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With classes suspended due to COVID-19, schools in Winnipeg School Division conducted a needs survey with families to determine how many are without a computer or internet access at home.
"We've had responses from 2,500 families that would require a device and of those 2,500 families, about 40 per cent would require internet at home," said Tony Marchione, WSD's acting director of information technology.
"It's quite a hurdle to overcome."
The first hurdle – putting devices in student's hands – is manageable. Marchione said WSD has approximately 5,000 Chromebooks in its inventory, as well as a limited number of iPads.
"We have devices we can send home," Marchione said. "We do want to look at software options to ensure that there are safeguards in place on the devices. When students are working online, there would be safeguards in place, filters, so they are not viewing inappropriate stuff."
That said, the second hurdle is quite a bit higher. Loaning out Chromebooks is one thing, but for student's without internet access, an offline laptop isn't of much use.
"We're exploring a number of options right now and looking at building partnerships with different internet providers to come up with a solution for internet connectivity," Marchione said.
"We're just starting those discussions now. At first it seemed like there wasn't a lot of possibility of forming those partnerships, but in the last few days the internet providers have been reaching out and saying there are some options we can look at. We're looking at what is possible from these internet providers and what we can do to bridge that connectivity gap."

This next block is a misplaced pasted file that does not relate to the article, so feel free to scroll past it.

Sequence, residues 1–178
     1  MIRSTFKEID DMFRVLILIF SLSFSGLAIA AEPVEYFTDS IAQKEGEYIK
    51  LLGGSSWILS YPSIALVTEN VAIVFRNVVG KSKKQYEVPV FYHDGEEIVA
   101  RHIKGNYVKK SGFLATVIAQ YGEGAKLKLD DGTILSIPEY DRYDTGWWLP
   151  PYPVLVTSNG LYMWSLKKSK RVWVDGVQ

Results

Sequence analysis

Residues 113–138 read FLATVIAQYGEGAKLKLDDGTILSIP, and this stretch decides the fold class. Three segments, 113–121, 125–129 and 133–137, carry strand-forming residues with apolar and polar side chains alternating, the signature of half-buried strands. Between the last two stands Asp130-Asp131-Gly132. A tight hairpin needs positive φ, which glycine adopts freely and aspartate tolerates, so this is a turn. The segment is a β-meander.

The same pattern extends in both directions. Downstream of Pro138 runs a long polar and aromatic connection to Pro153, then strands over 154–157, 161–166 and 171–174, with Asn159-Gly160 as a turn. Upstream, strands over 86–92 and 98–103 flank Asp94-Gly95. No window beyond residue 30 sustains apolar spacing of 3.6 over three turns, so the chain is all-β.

Marchione said if the division is able to work out a deal to get Wi-Fi into homes, the next step is providing technical support to families.
"If we're sending division devices home, students and parents are going to have questions and we want to have technical support available for them," Marchione said. "They could call and say 'We have a Chromebook and it's not connecting to the internet. Can you help us?' We want to have that in place too."
Of course, students without computers or the Internet have been provided physical home learning packages, and that will continue.
"There isn't just one way of delivering content, there has to be a balance," Marchione said. "By having a protocol in place, a plan to send technology home to students who don't have access to technology, that will help them bridge some of that gap."
"Our plan is just to be as strategic and organized as we can and to meet the needs of our families and we're working toward that."